LINK: Skin Inc. educates professionals about AGEs and skin

The November issue of Skin Inc. magazine addressed the effects of AGEs with an article titled “Glycation and the Skin.” Skin Inc. claims to be the leading industry publication for day spa, medical spa and wellness professionals, providing information about skin science, spa treatment trends, and more.

Written by Kris Campbell, the article notes that “glycation is a buzzword that is gaining more momentum in the consumer and retail sectors,” adding that it’s being discussed in consumer magazines as well. Campbell stated that it’s in professionals’ best interest to know what their clients are reading so that they aren’t caught off guard. From the article:

If there is too much sugar in the body, protein molecules can cross-link with sugar molecules.1 Once this cross-linking process has occurred, the new sugar proteins are called advanced glycation end products (AGEs). The human body does not recognize AGEs as normal, and will produce antibodies that cause inflammation in the skin. Once formed, AGEs tend to gravitate toward dermal collagen and elastin.

Click here to read the entire article on SkinInc.com.

The article references a variety of health issues connected to AGEs, but focuses on the effects they have on skin: inflammation, wrinkling, loss of elasticity, stiffness, accelerated aging and compromised barrier function. Another effect of AGEs, Campbell wrote, is the loss of volume in the face due to a redistribution of fat.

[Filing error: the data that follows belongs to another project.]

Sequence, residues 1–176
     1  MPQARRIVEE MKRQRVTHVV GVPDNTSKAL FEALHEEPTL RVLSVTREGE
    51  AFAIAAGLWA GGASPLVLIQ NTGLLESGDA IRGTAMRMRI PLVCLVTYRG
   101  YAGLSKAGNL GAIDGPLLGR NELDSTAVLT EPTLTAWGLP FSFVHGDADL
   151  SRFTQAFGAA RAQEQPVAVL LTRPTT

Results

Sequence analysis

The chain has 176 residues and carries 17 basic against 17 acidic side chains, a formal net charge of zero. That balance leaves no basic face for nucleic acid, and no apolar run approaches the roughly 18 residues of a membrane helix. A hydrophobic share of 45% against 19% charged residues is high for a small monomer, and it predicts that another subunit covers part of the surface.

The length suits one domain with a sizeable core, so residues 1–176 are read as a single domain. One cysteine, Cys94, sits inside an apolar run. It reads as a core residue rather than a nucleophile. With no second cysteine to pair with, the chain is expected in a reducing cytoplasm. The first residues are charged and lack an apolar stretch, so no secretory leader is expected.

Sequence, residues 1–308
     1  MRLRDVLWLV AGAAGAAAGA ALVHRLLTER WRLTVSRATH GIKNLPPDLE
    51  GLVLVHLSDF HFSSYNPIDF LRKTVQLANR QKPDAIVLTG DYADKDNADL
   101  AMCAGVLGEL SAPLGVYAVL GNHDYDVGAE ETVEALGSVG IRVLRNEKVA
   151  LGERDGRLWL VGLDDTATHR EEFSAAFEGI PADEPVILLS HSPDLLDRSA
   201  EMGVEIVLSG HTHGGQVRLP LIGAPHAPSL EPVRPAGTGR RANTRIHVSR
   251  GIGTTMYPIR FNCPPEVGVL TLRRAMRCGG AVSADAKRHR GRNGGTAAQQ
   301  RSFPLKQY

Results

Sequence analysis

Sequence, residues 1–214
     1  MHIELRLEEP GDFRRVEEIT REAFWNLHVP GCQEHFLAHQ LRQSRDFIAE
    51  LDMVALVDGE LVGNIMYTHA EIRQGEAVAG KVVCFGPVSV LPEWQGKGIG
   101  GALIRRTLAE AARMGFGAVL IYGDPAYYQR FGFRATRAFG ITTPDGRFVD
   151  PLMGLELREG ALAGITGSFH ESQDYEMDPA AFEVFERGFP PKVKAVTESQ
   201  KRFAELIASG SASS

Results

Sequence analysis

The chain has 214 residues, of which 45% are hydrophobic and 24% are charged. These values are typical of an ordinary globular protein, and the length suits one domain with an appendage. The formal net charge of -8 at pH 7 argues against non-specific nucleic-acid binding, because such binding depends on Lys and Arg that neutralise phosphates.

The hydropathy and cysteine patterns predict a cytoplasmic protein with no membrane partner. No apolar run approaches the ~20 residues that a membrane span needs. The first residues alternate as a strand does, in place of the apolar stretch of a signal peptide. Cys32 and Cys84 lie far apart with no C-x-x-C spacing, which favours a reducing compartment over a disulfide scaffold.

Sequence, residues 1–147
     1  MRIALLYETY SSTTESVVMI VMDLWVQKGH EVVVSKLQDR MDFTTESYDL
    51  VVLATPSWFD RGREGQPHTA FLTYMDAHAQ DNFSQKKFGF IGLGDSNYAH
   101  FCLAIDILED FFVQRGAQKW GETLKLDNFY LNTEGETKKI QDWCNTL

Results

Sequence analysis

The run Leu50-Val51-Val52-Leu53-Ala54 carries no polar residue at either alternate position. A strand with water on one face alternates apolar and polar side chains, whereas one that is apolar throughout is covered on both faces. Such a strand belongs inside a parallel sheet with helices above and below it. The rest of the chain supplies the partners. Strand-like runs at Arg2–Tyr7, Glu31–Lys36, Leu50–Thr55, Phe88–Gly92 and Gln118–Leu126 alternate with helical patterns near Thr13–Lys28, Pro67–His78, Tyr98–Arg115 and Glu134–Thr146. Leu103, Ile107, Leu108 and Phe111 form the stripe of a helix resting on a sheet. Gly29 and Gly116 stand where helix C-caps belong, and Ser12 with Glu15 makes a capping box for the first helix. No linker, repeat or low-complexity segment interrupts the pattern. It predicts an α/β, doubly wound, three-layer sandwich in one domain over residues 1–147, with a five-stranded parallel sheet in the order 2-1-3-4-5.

“Although the development of lines and wrinkles is normal as clients age, it is difficult to see clients in their 20s resemble a person in their 40s, which is more frequently being witnessed in treatment rooms,” Campbell wrote.

Campbell also provided advice for health care professionals on how to fight glycation damage in patients, reviewing the types of products, equipment, techniques and materials to use.

“Understanding the basics of how AGEs are formed and the skin conditions that occur will help professionals make better choices in the course of treatments and home care for clients,” wrote Campbell. “Educating clients in terms of a simple definition, rather than the full scientific chemical reaction that occurs, will leave them with a better sense of what is happening to their skin, how to slow down the process, as well as how to address their resulting skin conditions.”

Published on Skin Inc.’s website as well, the article currently has the second-most online views of all physiology-related articles despite being recently posted.

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